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Alzheimer's illustration.

If you go

› What: Memory Fair.

› When: 5:30-7:30 p.m. Thursday.

› Where: Morning Pointe of Chattanooga at Shallowford, 7719 Shallowford Road.

› Admission: Free.

› RSVP to: 423-296-0097.

› To reserve respite care for a dementia patient during the event, call 423-551-4190.

Keynote speaker

Dr. Terry Melvin received her M.D. from Tufts University School of Medicine in Boston, Massachusetts, and completed her internship and residency at Baylor College of Medicine in Houston, Texas. With 20 years of experience, Dr. Melvin is an expert in providing in-home care for those affected by dementia. Her goal is to make it easy for everyone to manage their health in any stage of life.

Expert Panelists

* Amy Boulware, LAP, MSW, Care Manager, Chambliss, Bahner & Stophel

* Maggie Barre, DPH, Pharmacy HomeCare

* Larry Griffith, Executive Director, The Lantern at Morning Pointe Alzheimer’s Center of Excellence Collegedale

* Anita Graves, RN, Regional Director of Behavioral Health, Guardian Home Care

* Paula Hensel, Community Relations Manager, Senior Helpers

* Tiffany Hobbs, Executive Director, Hearth Hospice

Experts on Alzheimer's disease will take part in the eighth annual Memory Fair scheduled Thursday evening at Morning Pointe of Chattanooga at Shallowford. Keynote speaker is Dr. Terry Melvin. This year's theme is "Continuum of Care: Addressing Dementia from First Signs to Final Stages."

Melvin opened Partners in Care, a Chattanooga adult care facility, in 2016 and practices palliative primary care and in-home adult care. She previously worked in hospice care for 27 years.

Melvin says that while Alzheimer's, the most common form of dementia, is often feared and misunderstood, the event will provide an "overview of the spectrum of care" with messages of hope and help.

"Alzheimer's disease is a chronic, progressive, fatal disease for which there is no cure and no effective treatment," Melvin says. "As bleak as that sounds, there are ways to manage this disease and to maintain a good quality of life for the patient and the caregiver. That's the take-away we want attendees to go home with: a better understanding of the disease and tools and resources they need in order to achieve that better quality of life."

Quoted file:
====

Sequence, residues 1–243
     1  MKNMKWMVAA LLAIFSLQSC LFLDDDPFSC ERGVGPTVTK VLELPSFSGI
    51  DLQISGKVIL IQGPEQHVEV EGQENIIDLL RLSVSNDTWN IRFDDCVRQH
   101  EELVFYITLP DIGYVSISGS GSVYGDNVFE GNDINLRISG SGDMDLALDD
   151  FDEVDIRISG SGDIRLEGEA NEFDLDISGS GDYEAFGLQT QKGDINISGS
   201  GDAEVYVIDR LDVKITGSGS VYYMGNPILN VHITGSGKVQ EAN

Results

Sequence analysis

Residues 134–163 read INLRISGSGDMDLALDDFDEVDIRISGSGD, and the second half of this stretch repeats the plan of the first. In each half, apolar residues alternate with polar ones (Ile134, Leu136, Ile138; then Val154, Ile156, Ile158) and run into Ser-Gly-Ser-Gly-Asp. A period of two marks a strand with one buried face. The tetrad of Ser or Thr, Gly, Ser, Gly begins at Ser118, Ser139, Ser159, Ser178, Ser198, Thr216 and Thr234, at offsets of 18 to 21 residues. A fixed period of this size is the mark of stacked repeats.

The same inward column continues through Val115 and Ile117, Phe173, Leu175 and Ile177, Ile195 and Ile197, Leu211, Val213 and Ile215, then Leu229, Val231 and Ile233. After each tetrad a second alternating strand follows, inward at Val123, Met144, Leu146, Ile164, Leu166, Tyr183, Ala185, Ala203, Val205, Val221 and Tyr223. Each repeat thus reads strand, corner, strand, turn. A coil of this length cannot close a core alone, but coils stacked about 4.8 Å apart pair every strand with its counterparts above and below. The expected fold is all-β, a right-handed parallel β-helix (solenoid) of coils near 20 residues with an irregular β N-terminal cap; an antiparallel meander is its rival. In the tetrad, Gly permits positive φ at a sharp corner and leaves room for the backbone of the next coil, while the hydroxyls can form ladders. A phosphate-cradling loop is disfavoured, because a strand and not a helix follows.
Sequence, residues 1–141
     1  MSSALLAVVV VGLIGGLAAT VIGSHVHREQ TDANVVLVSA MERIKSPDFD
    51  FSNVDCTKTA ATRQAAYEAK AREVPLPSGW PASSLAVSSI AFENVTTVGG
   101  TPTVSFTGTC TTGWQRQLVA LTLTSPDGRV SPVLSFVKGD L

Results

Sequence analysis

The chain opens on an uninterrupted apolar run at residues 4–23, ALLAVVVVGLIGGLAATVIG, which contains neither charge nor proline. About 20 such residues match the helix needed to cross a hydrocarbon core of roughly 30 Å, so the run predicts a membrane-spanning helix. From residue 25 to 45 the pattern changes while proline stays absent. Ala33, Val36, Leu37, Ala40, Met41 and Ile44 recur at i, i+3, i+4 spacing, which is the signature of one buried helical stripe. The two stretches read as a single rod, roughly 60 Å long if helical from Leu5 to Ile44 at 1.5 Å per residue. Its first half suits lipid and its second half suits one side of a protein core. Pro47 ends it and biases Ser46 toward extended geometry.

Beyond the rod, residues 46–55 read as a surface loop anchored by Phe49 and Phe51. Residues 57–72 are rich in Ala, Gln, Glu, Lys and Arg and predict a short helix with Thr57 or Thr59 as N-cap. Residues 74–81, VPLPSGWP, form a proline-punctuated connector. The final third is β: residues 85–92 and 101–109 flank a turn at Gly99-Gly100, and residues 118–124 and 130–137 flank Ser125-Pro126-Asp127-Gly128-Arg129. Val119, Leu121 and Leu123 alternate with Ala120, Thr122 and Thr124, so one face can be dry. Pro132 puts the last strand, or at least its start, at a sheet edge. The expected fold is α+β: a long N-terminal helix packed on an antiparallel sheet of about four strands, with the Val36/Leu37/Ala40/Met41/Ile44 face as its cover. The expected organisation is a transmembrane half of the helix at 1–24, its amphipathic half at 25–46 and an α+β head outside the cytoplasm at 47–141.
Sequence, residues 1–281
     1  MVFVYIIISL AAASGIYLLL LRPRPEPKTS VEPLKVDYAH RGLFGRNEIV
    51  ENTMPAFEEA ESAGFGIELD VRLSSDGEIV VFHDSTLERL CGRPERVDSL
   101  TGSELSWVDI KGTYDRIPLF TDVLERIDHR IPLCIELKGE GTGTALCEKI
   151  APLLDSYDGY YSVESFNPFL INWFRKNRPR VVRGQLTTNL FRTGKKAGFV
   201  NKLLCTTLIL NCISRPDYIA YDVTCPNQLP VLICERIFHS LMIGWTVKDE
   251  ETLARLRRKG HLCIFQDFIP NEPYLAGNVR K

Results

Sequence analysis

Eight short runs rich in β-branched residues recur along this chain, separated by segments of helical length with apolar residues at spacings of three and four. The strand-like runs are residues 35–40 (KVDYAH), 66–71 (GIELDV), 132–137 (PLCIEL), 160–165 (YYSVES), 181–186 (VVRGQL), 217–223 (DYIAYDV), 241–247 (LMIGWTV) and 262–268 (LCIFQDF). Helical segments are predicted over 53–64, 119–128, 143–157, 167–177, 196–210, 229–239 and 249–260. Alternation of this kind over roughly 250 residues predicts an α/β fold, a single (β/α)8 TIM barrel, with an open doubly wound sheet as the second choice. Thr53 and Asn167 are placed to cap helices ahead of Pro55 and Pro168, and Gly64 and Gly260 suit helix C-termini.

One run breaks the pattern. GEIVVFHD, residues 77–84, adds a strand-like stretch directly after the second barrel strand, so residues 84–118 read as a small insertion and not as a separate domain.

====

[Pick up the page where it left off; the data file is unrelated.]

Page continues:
Nena Mitchell, the resident services director at Morning Pointe of Chattanooga at Shallowford, started the Memory Fair in 2010 with the help and support of the facility and friend Amy French from the Alzheimer's Association in Chattanooga. She describes dementia as "devastating" and "the worst disease" she has seen in seniors in more than 20 years as a nurse. She says she felt like people were not receiving enough information about dementia despite how common it is.

"Dementia takes away who someone is and leaves a body that looks like someone you loved. It is truly watching someone go an inch at a time," Mitchell says. "It's an equal opportunity devastating disease, no matter how rich, poor, seemingly healthy or unhealthy, no matter what background, it affects everyone equally devastatingly."

Mitchell says this is the second time the Memory Fair will be held at Morning Pointe, and audiences have continued to increase, with 225 in attendance last year. Having the six expert panelists under the same roof will benefit the audience by creating an environment to share perspectives, answers and advice, she says.

According to the Alzheimer's Association, more than 5 million Americans are living with Alzheimer's and as many as 16 million will have the disease by 2050. In Tennessee alone, there are approximately 110,000 people 65 and older with Alzheimer's.

One in three seniors in America dies with Alzheimer's or another dementia, and in 2017 around $259 billion will be spent on Alzheimer's and other dementias.

Though there is no cure for dementia, Melvin says the Memory Fair can help attendees explore various options.

"Each case is individual. The important thing is to know what your choices are," Melvin says. "Memory Fair is designed to do just that: to give you the information you need and empower you to make the best decisions for your loved one and yourself."

The free event is sponsored by the Alzheimer's Association and Morning Pointe.

The Lantern at Morning Pointe Alzheimer's Center of Excellence Chattanooga will provide free, professional respite care for Alzheimer's patients to enable caregivers to attend.

Those interested in attending are asked to RSVP.

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